Today was our final day on the Benton MacKaye Trail. Nearly 300 miles of hiking brought us from Springer Mountain, in Georgia, to the Baxter Creek Trailhead in the Great Smoky Mountains in North Carolina.
CareFree and I got up very shortly after 6 and began quietly packing up so as not to disturb the other people sleeping at the shelter. Because we stayed at a shelter (and thus didn’t need to set up or take down our tent), we should have saved a bit of time. However, we didn’t begin today’s hike any quicker than other days; dancing around having to get back into the still-wet clothes we hung on clotheslines probably didn’t help. (I’m not sure our clothes dried any overnight; if anything, they got wetter, especially the socks.)
Shortly before we left, the sun rose over the nearby ridge, lighting up the nearby forest and illuminating the dust and mist in the air. It was perfect scenery to walk off into, even if it meant we would soon be dripping in sweat.
After gently bouncing along the pine-forested ridge for several miles, we at last came to the final steep climb of the Benton MacKaye Trail. In just over two hours, the trail brought us to the fire tower on Mount Sterling, the highest point on the BMT, at 5,842 ft.
I climbed up the fire tower to find one of the best views we’ve had on the BMT. Layers of lush green mountain ridges spanned our in all directions, gradually becoming fuzzier in the distance in the haze of the Blue Ridge. Clouds filled the sky, some grazing the tops of nearby peaks.
I’d planned to have a snack in the fire tower, but it was a bit smaller than I was expecting, so I climbed down and ate on the ground. While there, CareFree and I chatted with a family — a dad and two young daughters — who were out on a several day backpacking trip.
After a long break at the trail’s summit, we headed down the Baxter Creek Trail, heading for the BMT’s terminus. On our way down, we passed three groups of hikers, seven in total, heading up the mountain. It was a largely uneventful hike, with only a few downed trees we needed to work around. Aside from a few areas where the trail was especially rocky or roots, it was an easy, though steep hike off Mount Sterling.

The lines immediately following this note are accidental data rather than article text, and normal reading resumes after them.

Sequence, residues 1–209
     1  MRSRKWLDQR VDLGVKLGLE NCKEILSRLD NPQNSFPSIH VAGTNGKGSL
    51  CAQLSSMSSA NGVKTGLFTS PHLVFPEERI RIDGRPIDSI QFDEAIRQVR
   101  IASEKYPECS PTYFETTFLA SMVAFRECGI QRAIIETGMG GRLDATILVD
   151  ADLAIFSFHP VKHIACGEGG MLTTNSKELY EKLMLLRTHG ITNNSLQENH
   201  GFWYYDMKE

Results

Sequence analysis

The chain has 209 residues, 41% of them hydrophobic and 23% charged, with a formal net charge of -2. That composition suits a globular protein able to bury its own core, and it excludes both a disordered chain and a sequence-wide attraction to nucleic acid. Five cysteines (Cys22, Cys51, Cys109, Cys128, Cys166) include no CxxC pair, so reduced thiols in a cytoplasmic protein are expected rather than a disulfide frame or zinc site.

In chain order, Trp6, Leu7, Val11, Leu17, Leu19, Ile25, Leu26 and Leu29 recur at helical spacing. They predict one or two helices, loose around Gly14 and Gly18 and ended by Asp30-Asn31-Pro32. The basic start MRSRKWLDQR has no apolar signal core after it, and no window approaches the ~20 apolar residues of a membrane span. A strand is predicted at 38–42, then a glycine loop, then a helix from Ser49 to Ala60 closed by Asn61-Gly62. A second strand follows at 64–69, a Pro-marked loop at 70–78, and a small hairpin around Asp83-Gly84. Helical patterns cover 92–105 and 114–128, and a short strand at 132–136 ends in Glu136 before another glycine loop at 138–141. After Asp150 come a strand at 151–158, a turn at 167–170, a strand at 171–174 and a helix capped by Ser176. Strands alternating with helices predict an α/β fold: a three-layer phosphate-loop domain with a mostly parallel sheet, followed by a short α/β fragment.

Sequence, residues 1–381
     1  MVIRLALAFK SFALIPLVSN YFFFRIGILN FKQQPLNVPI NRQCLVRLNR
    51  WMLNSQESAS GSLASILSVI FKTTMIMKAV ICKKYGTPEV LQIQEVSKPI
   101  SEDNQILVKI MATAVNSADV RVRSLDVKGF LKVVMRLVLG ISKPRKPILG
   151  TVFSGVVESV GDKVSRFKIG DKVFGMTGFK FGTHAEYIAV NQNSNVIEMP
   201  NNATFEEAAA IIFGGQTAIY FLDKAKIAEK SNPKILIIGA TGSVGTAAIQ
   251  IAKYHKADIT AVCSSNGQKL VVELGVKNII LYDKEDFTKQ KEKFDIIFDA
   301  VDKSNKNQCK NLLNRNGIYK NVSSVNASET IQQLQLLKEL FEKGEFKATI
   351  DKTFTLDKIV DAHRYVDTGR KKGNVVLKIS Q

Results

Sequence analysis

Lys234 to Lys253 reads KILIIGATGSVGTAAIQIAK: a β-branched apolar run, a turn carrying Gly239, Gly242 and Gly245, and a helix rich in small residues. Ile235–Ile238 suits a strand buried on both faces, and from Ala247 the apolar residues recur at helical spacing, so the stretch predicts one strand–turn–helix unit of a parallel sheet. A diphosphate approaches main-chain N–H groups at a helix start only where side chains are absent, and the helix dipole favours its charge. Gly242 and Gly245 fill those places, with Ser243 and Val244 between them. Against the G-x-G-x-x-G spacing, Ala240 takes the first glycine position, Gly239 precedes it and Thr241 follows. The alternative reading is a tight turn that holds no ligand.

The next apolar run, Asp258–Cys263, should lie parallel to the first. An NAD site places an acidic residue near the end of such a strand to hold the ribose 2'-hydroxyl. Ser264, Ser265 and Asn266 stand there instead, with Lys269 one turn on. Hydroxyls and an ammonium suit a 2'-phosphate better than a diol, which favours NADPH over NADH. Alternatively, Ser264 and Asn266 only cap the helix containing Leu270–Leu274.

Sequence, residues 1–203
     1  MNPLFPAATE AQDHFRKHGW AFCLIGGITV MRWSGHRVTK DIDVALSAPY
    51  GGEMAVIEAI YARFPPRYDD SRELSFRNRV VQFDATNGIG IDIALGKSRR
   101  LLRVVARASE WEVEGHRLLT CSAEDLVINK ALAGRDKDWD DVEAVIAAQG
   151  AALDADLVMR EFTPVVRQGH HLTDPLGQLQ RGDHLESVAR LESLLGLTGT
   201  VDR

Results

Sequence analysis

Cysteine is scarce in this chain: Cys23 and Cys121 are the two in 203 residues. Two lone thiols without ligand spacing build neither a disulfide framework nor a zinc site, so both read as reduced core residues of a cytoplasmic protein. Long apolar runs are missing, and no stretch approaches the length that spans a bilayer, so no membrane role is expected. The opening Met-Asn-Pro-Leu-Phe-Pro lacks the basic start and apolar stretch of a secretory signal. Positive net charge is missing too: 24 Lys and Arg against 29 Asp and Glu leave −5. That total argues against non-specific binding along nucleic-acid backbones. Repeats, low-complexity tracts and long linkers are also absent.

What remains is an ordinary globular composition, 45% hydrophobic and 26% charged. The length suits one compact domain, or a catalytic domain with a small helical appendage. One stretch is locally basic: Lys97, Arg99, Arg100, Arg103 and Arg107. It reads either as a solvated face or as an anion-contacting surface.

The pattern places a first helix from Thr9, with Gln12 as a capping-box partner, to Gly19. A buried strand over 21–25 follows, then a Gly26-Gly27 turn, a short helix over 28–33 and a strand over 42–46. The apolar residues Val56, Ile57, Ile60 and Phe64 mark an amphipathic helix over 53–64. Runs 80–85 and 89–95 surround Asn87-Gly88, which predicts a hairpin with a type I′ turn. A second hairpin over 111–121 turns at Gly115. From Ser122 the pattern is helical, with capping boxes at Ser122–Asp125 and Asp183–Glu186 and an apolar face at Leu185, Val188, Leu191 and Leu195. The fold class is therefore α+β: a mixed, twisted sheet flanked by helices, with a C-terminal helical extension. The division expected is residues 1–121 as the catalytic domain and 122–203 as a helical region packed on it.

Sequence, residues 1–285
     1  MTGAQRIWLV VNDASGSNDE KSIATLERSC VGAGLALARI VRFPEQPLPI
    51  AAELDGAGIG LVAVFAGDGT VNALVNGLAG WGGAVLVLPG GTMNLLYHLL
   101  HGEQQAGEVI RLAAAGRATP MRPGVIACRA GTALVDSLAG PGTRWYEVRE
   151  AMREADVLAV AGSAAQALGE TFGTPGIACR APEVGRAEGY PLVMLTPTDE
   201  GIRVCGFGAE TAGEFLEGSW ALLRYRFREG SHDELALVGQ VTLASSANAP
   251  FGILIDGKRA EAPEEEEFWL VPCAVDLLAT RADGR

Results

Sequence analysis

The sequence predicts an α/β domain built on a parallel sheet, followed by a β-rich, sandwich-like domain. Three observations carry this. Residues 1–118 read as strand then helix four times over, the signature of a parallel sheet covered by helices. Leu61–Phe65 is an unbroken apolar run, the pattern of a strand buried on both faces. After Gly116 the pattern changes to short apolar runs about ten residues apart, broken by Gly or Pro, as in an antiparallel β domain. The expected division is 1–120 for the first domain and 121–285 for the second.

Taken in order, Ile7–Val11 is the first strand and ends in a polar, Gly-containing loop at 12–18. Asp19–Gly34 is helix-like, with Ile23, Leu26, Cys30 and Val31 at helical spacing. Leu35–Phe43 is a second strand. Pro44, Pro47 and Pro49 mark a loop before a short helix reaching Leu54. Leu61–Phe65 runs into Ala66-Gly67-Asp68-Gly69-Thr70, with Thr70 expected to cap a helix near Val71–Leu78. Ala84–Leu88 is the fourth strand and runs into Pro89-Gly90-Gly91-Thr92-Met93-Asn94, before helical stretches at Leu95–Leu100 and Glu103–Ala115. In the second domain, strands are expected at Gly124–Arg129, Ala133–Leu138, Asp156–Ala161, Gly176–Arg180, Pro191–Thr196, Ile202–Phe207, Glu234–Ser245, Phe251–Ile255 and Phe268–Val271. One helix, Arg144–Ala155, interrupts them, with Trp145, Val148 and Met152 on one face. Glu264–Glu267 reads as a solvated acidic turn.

The hike down the mountain was bittersweet. As we dropped 4,200 feet down to the trailhead, the forest changed back to deciduous from pine one last time, eventually joining Baxter Creek, and then, Big Creek.
Around 12:45, we crossed a bridge over Big Creek, completing our hike of the Benton MacKaye trail. We were disappointed there was no terminus sign, just the Baxter Creek Trail sign with a BMT marker that had been common in the Smokies.
The trailhead is located in the Big Creek picnic area, which has a number of picnic tables and a restroom (with soap and running water!). We took the opportunity to wash in the restroom, and then took a long break at one of the picnic tables, sitting down on the other end of a long table with another hiker preparing to head out for a hike. I set out all of my wet socks, hoping that they’d dry some before we left the park. (They did, at least a little.)
There were also bear-proof trash bins at the picnic area. I briefly considered the idea of hanging onto my trash so I could weigh how much a week’s worth of it actually weighed. Thankfully, I didn’t entertain that idea for long, and threw out my trash (and the broken sunglasses I’d been carting around for the past few days). I’m glad I did; with the trash gone, my pack felt surprisingly lighter.
We left the picnic area a little before 2, walking down the road to the park’s border to return to my car, which we left at Standing Bear Farm Hostel. A mile of roadwalk brought us to our exit of the Smokies. One final BMT trail marker pointed the way to the trail. After exiting the park, we followed Waterville Rd north, passing by the Walters Dam hydroelectric power plant on the Pigeon River. The road then turned west, paralleling the river, until we left the road to briefly join the Appalachian Trail. We followed the AT across a bridge over the river, and then along Green Corner Road to pass under I-40, departing the AT where it re-entered the forest, instead following the road the rest of the way to the hostel. We got there just before 3 pm, to the sound of thunder rumbling in the distance.
Our arrival at Standing Bear brought our hike of the Benton MacKaye trail to a close; it was now time to return home.
We drove two nearby Newport, TN for an early dinner (apparently having worked up quite an appetite today), and set off for home. With a long drive ahead of us, we stopped for the day in Bristol, VA, giving us a chance to rest and relax this evening.
Tomorrow, we’ll continue our road trip home, heading to Buena Vista, VA to return to the Blue Ridge Parkway, continuing our tour of the BRP and Skyline Drive that we started in May after we last left the trail.
With my completion of the Benton MacKaye Trail, I’ve now completed two major and two shorter long-distance trails since 2016, for a total of just over 5400 miles. Of course, there’s still many more trails to hike, but for now, it’s time to rest.